Paul Solman: So that doesn’t sound like an irrational fear; it sounds perfectly reasonable.
David Martin: Your logic is reasonable, but it’s irrational because there is plenty of cocoa in the supply chain right now, in the pipeline. So, the price skyrocketing like that is irrational, and it is an opportunity for professional traders.
Paul Solman: I was talking to a veteran Harvard Business School professor today, who had been a trader in his youth on the Minneapolis Grain Exchange. He said this reminded him of the traders, of which you were one, who used to look outside, see that it was raining, and say, “Ahh, I’m gonna sell, because it’s raining, bad weather, price goes down,” although this was in Minneapolis and had nothing to do with the grain harvest in the United States. That stuff actually happens?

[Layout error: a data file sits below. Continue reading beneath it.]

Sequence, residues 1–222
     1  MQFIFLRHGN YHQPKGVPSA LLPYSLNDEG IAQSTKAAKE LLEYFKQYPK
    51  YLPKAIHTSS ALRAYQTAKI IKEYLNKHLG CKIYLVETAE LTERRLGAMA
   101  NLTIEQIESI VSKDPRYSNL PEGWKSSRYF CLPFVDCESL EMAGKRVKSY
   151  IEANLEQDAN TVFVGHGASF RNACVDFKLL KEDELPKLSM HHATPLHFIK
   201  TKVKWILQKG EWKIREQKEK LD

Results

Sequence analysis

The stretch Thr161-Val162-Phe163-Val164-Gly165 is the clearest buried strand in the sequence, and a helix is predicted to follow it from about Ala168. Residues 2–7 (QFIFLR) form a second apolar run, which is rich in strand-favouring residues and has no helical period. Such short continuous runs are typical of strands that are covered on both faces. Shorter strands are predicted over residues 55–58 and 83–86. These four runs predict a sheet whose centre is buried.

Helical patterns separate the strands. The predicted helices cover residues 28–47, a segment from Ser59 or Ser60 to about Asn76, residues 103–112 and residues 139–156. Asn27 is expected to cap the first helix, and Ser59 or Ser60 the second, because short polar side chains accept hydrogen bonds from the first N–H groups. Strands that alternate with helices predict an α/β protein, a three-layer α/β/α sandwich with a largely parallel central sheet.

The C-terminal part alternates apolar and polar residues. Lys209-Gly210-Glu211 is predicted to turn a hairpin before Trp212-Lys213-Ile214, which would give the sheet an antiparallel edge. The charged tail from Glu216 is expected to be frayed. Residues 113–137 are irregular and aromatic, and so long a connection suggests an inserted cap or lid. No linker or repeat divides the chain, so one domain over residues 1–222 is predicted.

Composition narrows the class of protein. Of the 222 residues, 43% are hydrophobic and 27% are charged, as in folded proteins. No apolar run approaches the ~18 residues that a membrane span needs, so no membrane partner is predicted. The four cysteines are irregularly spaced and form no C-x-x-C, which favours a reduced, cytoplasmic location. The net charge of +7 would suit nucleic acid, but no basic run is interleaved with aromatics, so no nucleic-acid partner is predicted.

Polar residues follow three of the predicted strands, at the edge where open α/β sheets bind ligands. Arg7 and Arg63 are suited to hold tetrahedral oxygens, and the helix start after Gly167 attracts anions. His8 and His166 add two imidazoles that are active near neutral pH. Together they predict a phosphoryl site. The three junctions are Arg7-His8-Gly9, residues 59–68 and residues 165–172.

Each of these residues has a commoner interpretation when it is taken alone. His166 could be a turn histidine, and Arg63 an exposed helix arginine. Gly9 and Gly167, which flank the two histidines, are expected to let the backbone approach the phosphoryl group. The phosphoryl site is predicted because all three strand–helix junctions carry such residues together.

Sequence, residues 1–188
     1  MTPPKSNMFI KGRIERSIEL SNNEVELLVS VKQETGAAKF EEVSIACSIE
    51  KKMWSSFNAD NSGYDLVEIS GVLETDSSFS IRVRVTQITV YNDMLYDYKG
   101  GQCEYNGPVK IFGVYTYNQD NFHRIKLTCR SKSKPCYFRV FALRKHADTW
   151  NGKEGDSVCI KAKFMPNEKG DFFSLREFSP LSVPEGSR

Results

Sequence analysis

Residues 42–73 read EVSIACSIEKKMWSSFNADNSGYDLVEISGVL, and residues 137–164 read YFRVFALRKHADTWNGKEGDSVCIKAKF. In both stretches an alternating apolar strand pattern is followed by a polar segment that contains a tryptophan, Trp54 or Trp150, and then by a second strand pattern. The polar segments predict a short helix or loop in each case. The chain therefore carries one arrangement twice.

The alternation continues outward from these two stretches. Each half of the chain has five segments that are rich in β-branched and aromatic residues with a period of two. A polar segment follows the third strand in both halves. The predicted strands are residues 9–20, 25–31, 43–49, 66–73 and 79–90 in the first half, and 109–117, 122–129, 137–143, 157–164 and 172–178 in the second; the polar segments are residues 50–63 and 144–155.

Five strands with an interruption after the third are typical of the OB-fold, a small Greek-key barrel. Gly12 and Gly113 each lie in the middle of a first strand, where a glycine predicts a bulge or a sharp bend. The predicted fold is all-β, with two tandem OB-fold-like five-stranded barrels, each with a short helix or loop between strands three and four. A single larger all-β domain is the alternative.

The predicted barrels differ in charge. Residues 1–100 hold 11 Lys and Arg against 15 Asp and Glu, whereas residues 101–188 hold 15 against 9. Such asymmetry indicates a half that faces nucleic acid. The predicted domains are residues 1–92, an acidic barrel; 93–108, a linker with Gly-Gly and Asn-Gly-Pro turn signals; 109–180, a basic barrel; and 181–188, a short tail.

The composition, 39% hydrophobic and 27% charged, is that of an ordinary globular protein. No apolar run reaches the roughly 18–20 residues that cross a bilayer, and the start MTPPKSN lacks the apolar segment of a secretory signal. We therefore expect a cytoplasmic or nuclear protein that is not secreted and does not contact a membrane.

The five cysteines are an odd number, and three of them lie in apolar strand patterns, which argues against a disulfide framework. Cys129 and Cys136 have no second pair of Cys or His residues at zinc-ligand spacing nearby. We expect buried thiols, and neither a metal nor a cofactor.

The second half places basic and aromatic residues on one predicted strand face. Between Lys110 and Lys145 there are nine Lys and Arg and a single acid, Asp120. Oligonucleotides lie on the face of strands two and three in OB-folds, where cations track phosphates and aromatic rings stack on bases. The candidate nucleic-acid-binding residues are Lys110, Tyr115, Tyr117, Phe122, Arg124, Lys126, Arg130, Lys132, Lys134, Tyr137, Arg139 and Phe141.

David Martin: Less so, but it has happened a lot in the past. And it is irrational, but again, as a professional trader, we look for opportunities and chaos and hysteria like that as moneymaking opportunities.
Solman: How so? Sounds like a crass question, but how, as a professional trader, do you “play” the Ebola scare?
David Martin: It’s very difficult to sell into a market like that because you can’t really pick a top, but there are strategies to do it on the way up, where you participate in part of that rise without exposing yourself to losing your shirt.